ISLAMABAD: Pakistan is the second-worst country in terms of gender parity, according to a report released by the World Economic Forum (WEF) on Wednesday.

The Global Gender Gap Report placed Pakistan at the 145th spot in a survey of 146 countries. The only worse performer than Pakistan was Afghanistan.

Pakistan, which has 107 million women, closed at 56.4 per cent in the report’s gender gap index.

The Democratic Republic of Congo, Iran and Chad were the three other countries to figure among the five worst performers. The WEF report determined that Iceland was the best country in the world in terms of gender parity, followed by Finland, Norway, New Zealand, and Sweden, in that order.

On Pakistan, the report observed “this is the highest overall level of parity Pakistan has posted” since the launch of the global gender gap report by WEF in 2006.

The study praised Pakistan for making “significant improvement” across three sub-indexes, with the highest positive variation on economic participation and opportunity for women. Pakistan was among five countries with a gender gap greater than five per cent. The others were Qatar, Azerbaijan, China and India.

While wage equality carries a higher gender gap score than all other economic indicators, advances were also made vis-à-vis estimated earned income, where women’s earnings rose by four per cent over 2021. However, women’s participation in the workforce declined by 1.9 percentage points.

On educational attainment, gender parity scores for literacy, secondary and tertiary education enrolment showed improvement. The number of male and female students in secondary and tertiary education was higher in 2022 than that in 2021.

Pakistan ranked 145th in terms of economic participation and opportunity; 135th in educational attainment; 143rd in health and survival; and 95th in political empowerment.

Of the 146 countries covered by the 2022 index, the health and survival gender gap closed by 95.8 per cent, the health and survival gender gap closed by 95.8 per cent, educational attainment by 94.4 per cent, economic participation and opportunity by 60.3 per cent, and political empowerment by 22 per cent.

Although no country has yet achieved full gender parity, the top ten economies have closed at least 80 per cent of their gaps, with Iceland (90.8 per cent) leading the way.

Pakistan was ranked as the second-worst country in South Asia, too. According to the report, Bangladesh is the best country in the region for women, followed by Nepal, Sri Lanka, Maldives, Bhutan, India. Pakistan and Afghanistan.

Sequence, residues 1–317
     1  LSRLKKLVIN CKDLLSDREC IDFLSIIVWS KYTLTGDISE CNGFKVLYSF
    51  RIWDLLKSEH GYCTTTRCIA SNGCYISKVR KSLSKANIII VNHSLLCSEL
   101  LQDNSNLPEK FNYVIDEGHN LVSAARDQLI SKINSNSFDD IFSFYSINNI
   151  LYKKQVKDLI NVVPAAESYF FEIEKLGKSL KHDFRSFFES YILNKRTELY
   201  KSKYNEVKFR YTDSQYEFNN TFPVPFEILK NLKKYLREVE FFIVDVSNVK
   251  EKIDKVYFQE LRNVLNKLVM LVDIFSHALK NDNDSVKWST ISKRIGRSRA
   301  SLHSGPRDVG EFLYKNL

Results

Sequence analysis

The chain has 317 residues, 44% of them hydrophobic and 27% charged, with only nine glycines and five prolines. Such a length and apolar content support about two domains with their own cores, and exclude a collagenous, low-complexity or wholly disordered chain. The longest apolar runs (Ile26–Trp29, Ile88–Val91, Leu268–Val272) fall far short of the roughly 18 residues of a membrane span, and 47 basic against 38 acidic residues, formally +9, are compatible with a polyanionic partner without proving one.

Among the eight regions under spotlight in the report, South Asia ranks the lowest, with only 62.3 per cent of the gender gap closed. The lack of progress since the last edition extends the wait in South Asia to close the gender gap to 197 years. South Asia recorded low scores across all measured gender gaps and little progress was made in most countries since the last edition.

The economic gender gap closed by 1.8 per cent, with increases in the share of women in professional and technical roles, especially in Bangladesh, India and Nepal.

On the other hand, the share of women in professional and technical roles fell in Pakistan and the Maldives.

South Asia ranks second lowest on the educational attainment sub-index, above just sub-Saharan Africa. Literacy rate, one of the core indicators for education, saw no change in five countries. The study found that South Asia has one of the lowest regional gender parity scores for health and survival, at 94.2 per cent.

In this sub-index, only Sri Lanka closed its gender gap, while Afghanistan, Pakistan and India were the worst-performing countries globally. Sex ratio at birth remains relatively low in large, populated countries such as India and Pakistan, whereas Bangladesh, Bhutan and Sri Lanka have reached parity.

South Asia has the fourth-highest regional performance on the political empowerment sub-index, having achieved 26.3 per cent of gender parity, 0.7 percentage points lower over the 2021 edition.

Published in Dawn, July 14th, 2022

Opinion

Editorial

Spirit of ’74
26 Feb, 2024

Spirit of ’74

FOR three days in 1974, starting Feb 22, Lahore witnessed an epochal meeting of 38 Muslim nations as it hosted the...
Silence strategy
Updated 26 Feb, 2024

Silence strategy

Attempts at internet censorship only serve to tarnish Pakistan’s image globally and betray the democratic principles the country purports to uphold.
Nepra’s reluctance
26 Feb, 2024

Nepra’s reluctance

WHAT is the point in having a regulator that does not punish the entities it oversees for misconduct and...
Pipeline progress
25 Feb, 2024

Pipeline progress

THE outgoing caretaker government has decided to move forward with the much-delayed Iran-Pakistan gas pipeline...
Engaging the Taliban
25 Feb, 2024

Engaging the Taliban

DEALING with the Taliban — Afghanistan’s de facto rulers — continues to present a diplomatic dilemma for the...
Burden or opportunity?
Updated 25 Feb, 2024

Burden or opportunity?

Maryam Nawaz is embarking on a journey of challenges and opportunities.